William Golding once said that in writing Lord of the Flies he aimed to trace society's flaws back to their source in human nature. By leaving a group of English schoolboys to fend for themselves on a remote jungle island, Golding creates a kind of human nature laboratory in order to examine what happens when the constraints of civilization vanish and raw human nature takes over. In Lord of the Flies, Golding argues that human nature, free from the constraints of society, draws people away from reason toward savagery.
The makeshift civilization the boys form in Lord of the Flies collapses under the weight of their innate savagery: rather than follow rules and work hard, they pursue fun, succumb to fear, and fall to violence. Golding's underlying argument is that human beings are savage by nature, and are moved by primal urges toward selfishness, brutality, and dominance over others. Though the boys think the beast lives in the jungle, Golding makes it clear that it lurks only in their hearts.
Although Golding argues that people are fundamentally savage, drawn toward pleasure and violence, human beings have successfully managed to create thriving civilizations for thousands of years. So that disproves Golding's theory about human nature being savage, right? Wrong. The famous psychologist Sigmund Freud argued that without the innate human capacity to repress desire, civilization would not exist. In Lord of the Flies, Golding makes a similar argument. He depicts civilization as a veil that through its rules and laws masks the evil within every individual. So even while civilizations thrive, they are merely hiding the beast. They have not destroyed it.
The Lord of the Flies is a chronicle of civilization giving way to the savagery within human nature, as boys shaped by the supremely civilized British society become savages guided only by fear, superstition, and desire. And even before the boy's become fully savage under Jack, Golding shows hints of the savage beast within society by showing Piggy's love of food, the way the boys laugh when Jack mocks Piggy, and all the boys' irrational fear of the "beast." And as the boys on the island shed civilization for savagery, the adults of the supposedly "civilized" world outside the island are engaged in a savage and brutal worldwide nuclear war.
The "beast" is a symbol Golding uses to represent the savage impulses lying deep within every human being. Civilization exists to suppress the beast. By keeping the natural human desire for power and violence to a minimum, civilization forces people to act responsibly and rationally, as boys like Piggy and Ralph do in Lord in the Flies. Savagery arises when civilization stops suppressing the beast: it's the beast unleashed. Savages not only acknowledge the beast, they thrive on it and worship it like a god. As Jack and his tribe become savages, they begin to believe the beast exists physically—they even leave it offerings to win its favor to ensure their protection. Civilization forces people to hide from their darkest impulses, to suppress them. Savages surrender to their darkest impulses, which they attribute to the demands of gods who require their obedience.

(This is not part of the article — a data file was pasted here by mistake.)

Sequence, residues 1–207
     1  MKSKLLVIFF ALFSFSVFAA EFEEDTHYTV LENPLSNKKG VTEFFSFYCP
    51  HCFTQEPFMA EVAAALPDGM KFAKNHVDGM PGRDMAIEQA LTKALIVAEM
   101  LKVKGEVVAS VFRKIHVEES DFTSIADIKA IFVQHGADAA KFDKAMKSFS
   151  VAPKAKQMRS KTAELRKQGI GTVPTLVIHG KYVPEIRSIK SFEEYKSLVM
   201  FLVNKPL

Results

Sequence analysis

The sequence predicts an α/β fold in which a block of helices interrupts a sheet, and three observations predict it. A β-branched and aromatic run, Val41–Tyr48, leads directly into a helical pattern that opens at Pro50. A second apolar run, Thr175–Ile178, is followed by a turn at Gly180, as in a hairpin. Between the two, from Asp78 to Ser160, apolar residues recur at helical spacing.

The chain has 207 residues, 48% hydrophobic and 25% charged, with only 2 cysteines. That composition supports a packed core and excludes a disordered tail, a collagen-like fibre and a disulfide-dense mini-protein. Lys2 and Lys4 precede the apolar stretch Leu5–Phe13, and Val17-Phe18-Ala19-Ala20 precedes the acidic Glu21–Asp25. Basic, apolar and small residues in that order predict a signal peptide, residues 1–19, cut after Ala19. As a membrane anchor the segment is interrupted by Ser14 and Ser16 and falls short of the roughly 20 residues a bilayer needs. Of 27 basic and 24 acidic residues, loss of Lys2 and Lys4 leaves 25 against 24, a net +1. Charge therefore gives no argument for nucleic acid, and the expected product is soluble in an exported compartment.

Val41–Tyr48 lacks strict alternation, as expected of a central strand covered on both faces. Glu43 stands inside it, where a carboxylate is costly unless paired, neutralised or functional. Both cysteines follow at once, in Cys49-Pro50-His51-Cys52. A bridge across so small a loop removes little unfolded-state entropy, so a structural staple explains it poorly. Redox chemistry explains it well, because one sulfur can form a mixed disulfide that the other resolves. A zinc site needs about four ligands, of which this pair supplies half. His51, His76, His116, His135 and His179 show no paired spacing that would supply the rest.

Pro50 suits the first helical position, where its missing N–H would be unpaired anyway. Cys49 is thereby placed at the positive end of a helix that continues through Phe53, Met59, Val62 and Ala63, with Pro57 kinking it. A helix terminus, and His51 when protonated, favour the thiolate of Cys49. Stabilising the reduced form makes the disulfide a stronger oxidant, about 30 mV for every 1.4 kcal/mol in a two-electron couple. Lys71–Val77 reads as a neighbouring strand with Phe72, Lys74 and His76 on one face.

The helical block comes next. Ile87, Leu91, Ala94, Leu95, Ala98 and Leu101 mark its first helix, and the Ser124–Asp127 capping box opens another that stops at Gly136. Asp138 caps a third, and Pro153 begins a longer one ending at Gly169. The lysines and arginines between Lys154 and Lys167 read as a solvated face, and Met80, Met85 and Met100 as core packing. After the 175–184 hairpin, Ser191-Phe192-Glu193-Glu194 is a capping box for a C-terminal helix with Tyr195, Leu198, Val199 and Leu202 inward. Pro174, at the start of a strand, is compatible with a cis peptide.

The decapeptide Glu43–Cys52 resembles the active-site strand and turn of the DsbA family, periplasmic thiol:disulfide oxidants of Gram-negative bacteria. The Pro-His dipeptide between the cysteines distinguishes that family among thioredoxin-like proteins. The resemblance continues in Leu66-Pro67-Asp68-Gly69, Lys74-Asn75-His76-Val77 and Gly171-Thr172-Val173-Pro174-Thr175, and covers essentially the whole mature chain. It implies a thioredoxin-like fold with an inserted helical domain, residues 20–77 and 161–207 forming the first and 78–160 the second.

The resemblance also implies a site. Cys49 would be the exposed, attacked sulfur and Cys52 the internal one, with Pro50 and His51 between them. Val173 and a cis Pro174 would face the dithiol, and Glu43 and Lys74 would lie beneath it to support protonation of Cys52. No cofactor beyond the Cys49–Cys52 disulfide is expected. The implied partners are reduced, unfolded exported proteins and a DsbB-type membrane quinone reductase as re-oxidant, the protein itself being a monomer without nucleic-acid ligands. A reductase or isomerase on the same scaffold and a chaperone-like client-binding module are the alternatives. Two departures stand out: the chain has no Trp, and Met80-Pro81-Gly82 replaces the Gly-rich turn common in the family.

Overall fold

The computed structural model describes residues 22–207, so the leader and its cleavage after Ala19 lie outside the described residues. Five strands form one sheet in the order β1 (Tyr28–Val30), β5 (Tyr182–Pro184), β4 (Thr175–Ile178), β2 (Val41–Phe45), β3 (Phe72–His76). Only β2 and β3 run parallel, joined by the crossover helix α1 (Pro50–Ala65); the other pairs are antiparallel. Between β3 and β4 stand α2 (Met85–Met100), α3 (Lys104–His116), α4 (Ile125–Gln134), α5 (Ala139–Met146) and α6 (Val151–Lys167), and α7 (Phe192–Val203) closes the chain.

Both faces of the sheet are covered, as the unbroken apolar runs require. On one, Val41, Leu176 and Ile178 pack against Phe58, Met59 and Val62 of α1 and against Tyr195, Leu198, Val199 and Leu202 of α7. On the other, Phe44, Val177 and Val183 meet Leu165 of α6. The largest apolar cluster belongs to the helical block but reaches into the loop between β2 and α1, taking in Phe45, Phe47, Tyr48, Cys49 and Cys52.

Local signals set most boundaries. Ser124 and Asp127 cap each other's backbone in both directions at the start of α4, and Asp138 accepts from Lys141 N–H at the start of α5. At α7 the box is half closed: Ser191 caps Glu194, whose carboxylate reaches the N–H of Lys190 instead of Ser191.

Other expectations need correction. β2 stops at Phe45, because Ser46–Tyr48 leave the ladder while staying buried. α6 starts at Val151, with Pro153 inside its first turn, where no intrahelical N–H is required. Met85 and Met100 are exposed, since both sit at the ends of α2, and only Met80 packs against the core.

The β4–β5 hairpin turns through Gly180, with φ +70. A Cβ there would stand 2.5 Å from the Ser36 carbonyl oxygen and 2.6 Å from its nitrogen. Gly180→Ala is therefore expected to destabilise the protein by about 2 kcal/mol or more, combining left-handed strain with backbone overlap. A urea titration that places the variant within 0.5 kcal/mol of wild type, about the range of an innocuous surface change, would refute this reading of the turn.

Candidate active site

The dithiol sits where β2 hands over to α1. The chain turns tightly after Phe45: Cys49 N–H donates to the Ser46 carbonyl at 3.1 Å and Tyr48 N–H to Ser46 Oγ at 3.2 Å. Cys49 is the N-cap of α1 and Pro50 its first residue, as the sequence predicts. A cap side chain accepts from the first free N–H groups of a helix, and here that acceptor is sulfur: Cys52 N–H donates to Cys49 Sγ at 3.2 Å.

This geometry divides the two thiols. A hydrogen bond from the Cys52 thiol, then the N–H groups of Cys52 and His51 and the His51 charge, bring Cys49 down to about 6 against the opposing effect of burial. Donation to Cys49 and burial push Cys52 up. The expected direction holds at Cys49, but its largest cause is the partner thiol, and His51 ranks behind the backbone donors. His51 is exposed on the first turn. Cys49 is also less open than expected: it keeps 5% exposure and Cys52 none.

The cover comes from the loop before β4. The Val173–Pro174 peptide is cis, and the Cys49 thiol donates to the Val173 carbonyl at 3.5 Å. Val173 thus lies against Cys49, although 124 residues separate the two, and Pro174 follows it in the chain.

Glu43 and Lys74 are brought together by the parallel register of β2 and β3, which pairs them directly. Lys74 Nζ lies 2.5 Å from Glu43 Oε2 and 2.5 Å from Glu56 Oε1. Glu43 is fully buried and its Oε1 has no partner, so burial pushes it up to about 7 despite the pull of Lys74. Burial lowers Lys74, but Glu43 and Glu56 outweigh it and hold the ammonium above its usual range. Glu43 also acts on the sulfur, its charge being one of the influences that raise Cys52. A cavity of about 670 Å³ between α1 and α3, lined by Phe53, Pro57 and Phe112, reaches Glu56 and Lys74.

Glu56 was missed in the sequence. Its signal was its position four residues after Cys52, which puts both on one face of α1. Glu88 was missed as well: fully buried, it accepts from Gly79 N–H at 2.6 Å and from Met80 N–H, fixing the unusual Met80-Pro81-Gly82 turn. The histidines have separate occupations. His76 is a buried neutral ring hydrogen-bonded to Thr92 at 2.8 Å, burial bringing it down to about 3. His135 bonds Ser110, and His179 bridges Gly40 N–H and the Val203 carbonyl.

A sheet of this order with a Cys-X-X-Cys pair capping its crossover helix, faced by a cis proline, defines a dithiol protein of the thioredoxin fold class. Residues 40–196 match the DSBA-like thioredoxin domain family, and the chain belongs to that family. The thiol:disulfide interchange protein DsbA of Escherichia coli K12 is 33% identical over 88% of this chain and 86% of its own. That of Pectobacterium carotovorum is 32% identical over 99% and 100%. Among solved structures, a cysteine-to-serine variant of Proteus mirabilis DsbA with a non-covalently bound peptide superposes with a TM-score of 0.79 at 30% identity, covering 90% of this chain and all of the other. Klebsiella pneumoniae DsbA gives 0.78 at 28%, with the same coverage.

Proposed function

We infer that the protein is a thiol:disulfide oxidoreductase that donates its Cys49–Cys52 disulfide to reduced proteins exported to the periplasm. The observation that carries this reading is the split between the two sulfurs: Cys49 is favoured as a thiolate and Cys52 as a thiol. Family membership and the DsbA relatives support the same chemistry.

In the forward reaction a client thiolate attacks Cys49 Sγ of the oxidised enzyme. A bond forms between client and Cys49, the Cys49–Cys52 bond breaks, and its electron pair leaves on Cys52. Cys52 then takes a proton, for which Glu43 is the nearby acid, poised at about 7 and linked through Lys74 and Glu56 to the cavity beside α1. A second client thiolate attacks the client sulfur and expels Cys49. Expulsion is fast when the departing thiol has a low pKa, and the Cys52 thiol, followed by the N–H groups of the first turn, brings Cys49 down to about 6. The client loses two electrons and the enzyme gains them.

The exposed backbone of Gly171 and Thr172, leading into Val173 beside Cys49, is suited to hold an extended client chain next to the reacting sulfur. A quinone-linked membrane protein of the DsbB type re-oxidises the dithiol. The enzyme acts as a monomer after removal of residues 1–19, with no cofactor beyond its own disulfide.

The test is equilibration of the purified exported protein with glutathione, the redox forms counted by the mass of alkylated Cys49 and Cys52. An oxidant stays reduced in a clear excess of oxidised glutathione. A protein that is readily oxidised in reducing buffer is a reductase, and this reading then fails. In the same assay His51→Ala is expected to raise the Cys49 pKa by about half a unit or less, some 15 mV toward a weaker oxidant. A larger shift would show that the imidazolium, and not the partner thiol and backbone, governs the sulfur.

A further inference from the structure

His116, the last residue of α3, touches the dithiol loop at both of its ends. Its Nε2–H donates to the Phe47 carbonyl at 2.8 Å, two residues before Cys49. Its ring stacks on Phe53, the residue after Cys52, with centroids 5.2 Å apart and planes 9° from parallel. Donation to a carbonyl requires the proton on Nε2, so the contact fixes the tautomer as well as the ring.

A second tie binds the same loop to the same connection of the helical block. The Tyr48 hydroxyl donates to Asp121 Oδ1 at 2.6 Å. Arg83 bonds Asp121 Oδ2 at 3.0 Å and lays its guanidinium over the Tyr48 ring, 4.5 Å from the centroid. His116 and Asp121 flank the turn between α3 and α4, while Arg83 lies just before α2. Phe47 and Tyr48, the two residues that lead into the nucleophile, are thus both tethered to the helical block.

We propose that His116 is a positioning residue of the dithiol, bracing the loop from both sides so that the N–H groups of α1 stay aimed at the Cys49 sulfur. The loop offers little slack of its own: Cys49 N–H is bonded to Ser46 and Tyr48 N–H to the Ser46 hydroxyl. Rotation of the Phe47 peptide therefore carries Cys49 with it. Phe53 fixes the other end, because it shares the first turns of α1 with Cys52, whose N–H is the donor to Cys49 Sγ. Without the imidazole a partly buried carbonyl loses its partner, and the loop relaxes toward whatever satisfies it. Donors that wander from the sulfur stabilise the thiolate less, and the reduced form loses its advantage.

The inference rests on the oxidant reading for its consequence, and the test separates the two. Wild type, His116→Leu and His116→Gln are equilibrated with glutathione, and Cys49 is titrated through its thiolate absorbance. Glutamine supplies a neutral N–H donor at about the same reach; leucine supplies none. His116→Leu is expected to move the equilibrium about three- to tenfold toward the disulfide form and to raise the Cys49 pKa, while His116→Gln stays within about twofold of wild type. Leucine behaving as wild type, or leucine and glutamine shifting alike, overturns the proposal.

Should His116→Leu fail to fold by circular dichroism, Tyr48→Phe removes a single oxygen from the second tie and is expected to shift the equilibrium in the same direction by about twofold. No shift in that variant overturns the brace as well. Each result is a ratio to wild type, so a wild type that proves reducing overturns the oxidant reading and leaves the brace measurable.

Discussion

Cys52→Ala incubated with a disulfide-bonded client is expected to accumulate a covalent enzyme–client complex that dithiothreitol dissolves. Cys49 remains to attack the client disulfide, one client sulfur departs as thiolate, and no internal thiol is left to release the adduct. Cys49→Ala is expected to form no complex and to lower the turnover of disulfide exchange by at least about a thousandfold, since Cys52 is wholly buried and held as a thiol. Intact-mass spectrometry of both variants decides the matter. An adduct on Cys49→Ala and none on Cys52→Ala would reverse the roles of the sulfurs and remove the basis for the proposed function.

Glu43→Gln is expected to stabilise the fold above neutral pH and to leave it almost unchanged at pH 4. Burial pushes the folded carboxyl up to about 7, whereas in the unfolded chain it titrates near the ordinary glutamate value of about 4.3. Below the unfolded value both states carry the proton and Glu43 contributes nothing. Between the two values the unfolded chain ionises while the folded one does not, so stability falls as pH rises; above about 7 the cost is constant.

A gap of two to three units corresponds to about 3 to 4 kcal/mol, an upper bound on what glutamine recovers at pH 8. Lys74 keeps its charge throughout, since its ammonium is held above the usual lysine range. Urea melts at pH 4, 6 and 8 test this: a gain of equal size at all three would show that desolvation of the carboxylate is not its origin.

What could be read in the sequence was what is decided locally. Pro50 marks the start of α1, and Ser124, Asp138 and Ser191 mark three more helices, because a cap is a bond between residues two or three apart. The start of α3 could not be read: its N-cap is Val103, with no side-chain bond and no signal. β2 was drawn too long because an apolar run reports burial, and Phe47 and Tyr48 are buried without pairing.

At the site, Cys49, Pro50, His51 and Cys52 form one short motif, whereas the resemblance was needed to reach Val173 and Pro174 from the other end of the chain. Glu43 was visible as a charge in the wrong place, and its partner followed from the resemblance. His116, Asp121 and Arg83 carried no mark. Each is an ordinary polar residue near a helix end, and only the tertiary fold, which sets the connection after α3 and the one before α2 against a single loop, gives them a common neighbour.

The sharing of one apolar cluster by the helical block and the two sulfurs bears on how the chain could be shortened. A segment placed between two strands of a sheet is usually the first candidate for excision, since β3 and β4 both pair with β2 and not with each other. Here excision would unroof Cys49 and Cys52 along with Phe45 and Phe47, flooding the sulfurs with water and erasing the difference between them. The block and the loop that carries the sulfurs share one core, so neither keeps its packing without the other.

Most of the boys on the island either hide behind civilization, denying the beast's existence, or succumb to the beast's power by embracing savagery. But in Lord of the Flies, Golding presents an alternative to civilized suppression and beastly savagery. This is a life of religion and spiritual truth-seeking, in which men look into their own hearts, accept that there is a beast within, and face it squarely.
Simon occupies this role in Lord of the Flies, and in doing so he symbolizes all the great spiritual and religious men, from Jesus to Buddha to nameless mystics and shamans, who have sought to help other men accept and face the terrible fact that the beast they fear is themselves. Of all the boys, only Simon fights through his own fear to discover that the "beast" at the mountaintop is just a dead man. But when Simon returns with the news that there's no real beast, only the beast within, the other boys kill him. Not just the savages, not just the civilized boys—all the boys kill Simon, because all of the boys lack the courage Simon displayed in facing the beast.
Within the larger battle of civilization and savagery ravaging the boys's community on the island, Lord of the Flies also depicts in great detail the relationships and power dynamics between the boys. In particular, the novel shows how boys fight to belong and be respected by the other boys. The main way in which the boys seek this belonging and respect is to appear strong and powerful. And in order to appear strong and powerful, boys give in to the savage instinct to ignore, pick on, mock, or even physically abuse boys who are weaker than them. Over and over, Lord of the Flies shows instances where a boy who feels vulnerable will save himself by picking on a weaker boy.